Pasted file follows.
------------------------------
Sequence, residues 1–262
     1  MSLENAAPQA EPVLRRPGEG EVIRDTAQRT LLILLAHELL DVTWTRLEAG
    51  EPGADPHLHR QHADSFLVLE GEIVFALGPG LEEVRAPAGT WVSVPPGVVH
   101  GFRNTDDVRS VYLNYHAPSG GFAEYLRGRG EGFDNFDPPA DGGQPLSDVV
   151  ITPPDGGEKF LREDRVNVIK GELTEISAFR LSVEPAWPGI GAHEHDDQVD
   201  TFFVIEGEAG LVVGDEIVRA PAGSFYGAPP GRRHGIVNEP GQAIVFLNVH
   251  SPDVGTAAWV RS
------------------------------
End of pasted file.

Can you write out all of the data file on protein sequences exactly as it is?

Sequence, residues 1–262
     1  MSLENAAPQA EPVLRRPGEG EVIRDTAQRT LLILLAHELL DVTWTRLEAG
    51  EPGADPHLHR QHADSFLVLE GEIVFALGPG LEEVRAPAGT WVSVPPGVVH
   101  GFRNTDDVRS VYLNYHAPSG GFAEYLRGRG EGFDNFDPPA DGGQPLSDVV
   151  ITPPDGGEKF LREDRVNVIK GELTEISAFR LSVEPAWPGI GAHEHDDQVD
   201  TFFVIEGEAG LVVGDEIVRA PAGSFYGAPP GRRHGIVNEP GQAIVFLNVH
   251  SPDVGTAAWV RS